No. 6, Downing Street

I’m not going to let them in without a warrant. They can bang as hard as they like but I’m going to keep this crime scene locked up until I’m sure my family is safe. And until I tell you everything that happened here tonight.

My wife and I were seeing off our family friend at dusk earlier today when this young man ran down our lonely street, apparently trying to escape from someone we couldn’t see or hear. He couldn’t have been more than 16. He was almost as tall as I am but without the settled weight of a young man who has completed his growth spurt. He had a square afro cut, a sleeveless cardigan on top of his cotton casual top, with his skinny jeans ending in comfortable high top sneakers.

It all happened so fast. Suddenly a police helicopter appeared out of nowhere with a blinding searchlight. We were so startled we couldn’t respond immediately to this new information. Our door was ajar and the young man, being further down the adrenaline rush than we were, ran into our house to escape. That was when my legs found themselves and I instinctively chased the teen into my house, reaching him just as he saw the guest toilet door in the living room.

Somehow I got to him before he reached the toilet door, tackling him to the ground. I struggled to immobilize him like I would hold my three year old son down for an immunization shot, and failed as well. The young man – Darren, I’ll call him – got into the toilet, shut the door and tried to turn the double sided lock while my hand was resisting the lock motion from the other side of the door. That was the point at which the police came through the front door to support me.

The burly officer barreled through the toilet door as I crawled out of the way at the last possible second. I hate guns and stray bullets. By the time I realized my wife and kids were still in the living room I was looking out from the kids room, panting from my struggle with Darren. I composed myself and walked back to the living room while the words, “Target down, over” were being said into a radio crackling somewhere. Then I saw Darren.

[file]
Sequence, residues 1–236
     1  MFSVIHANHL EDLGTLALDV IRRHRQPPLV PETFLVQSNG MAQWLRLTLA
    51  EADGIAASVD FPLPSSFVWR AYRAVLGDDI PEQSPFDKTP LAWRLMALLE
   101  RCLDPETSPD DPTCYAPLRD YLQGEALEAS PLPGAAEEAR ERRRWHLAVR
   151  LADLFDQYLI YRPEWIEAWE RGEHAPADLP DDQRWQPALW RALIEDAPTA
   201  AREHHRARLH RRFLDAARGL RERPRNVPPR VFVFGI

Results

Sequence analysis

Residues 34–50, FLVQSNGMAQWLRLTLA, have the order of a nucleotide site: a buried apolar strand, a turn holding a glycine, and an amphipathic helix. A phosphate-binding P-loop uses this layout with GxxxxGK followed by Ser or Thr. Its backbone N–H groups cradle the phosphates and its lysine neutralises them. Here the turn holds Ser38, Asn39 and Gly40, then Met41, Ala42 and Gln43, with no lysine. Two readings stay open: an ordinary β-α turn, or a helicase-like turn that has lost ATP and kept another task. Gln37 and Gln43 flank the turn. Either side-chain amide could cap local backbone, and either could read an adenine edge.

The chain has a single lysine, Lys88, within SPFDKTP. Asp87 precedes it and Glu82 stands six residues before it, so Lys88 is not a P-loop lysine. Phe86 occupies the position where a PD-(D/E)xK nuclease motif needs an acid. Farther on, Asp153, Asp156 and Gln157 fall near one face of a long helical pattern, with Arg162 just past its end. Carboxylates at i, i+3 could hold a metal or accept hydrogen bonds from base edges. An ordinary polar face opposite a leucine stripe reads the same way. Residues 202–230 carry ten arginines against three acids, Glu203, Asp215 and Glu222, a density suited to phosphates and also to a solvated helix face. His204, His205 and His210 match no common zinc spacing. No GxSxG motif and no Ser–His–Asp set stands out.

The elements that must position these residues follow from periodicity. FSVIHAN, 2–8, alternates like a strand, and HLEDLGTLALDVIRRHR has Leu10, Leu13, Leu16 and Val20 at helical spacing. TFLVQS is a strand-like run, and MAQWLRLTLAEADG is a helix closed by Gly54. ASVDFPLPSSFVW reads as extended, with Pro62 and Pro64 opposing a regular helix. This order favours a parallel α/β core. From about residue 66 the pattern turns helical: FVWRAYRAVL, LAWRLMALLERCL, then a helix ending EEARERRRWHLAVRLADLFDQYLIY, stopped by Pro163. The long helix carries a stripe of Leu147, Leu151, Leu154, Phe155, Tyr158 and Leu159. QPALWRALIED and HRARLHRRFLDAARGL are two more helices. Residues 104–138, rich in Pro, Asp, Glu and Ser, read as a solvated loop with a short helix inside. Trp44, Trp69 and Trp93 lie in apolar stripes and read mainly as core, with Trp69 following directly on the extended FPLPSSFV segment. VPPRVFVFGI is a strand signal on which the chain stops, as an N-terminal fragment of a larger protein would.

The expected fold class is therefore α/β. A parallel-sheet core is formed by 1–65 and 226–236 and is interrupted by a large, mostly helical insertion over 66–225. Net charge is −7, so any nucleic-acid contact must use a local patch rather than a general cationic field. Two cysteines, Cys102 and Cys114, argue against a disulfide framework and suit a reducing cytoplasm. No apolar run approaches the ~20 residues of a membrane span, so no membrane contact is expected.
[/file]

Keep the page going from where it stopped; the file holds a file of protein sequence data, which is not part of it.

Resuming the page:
A dull red puddle of blood was already slowly spreading from his head as he lay lifeless on the floor. He wasn’t even moving or twitching. I hadn’t heard any shots fired so it felt like the hole in his head had appeared from nowhere. For the third time that night I was utterly frozen in confusion and then moving my legs on impulse, back to the room, shaking my head with my eyes tightly shut as I tried to erase the image of the first dead body I had ever seen outside a funeral.

I kept saying, “no, don’t kill him, don’t kill him, don’t kill him, don’t kill him” as I left the living room. My mind hadn’t accepted he was dead. Death takes time, doesn’t it? We couldn’t have skipped calling 911 or doing CPR just like in the movies, could we? This was not how people so full of life passed on, not that quick, not that silent. Not that unceremoniously without dying words or goodbyes being spoken.

Don’t kill him, don’t kill him, don’t kill him, don’t kill him.

My wife and kids were still in the living room. My second son was staring at the body on floor, taking it all in. I was horrified and alarmed but somehow couldn’t process moving my body to the living room. I screamed at my wife and help to get our children away from the scene. It was so unreal how I was the only noisemaker in the entire situation. We could have been in a communion service with the silence that descended on the living room with the knowledge that Darren was dead.

The policemen, three of them (two white, one black), took the body out, leaving my front door ajar again. At this point I was aware that my door should never be ajar ever again and I ran to lock it full security mode like we were shutting down early for the night.

Now, why are they banging on my front door? What do they want to ask me about? Do they really want to talk or they want me not to talk? I’m terrified for myself and my family. There’s a small crowd on my lawn behind a yellow and black police “Do Not Cross” tape that must be placed wrong, because innocent me is behind it. This is not a hostage situation, is it? I’m the victim here. What are all the police lights for? Why is everybody outside filming my house like I’m in a breaking news or world star clip?

My front door stays locked until I see a warrant and until this story account is posted on my blog. I’ve never been so shaken in my life but I will not have this story twisted while I can do anything about it.

I live at No. 6, Dougherty lane, New Jersey and no, there’s no need to call 911 for me.

The police are already here.


I love to learn. I love to teach. For me the two are the same.

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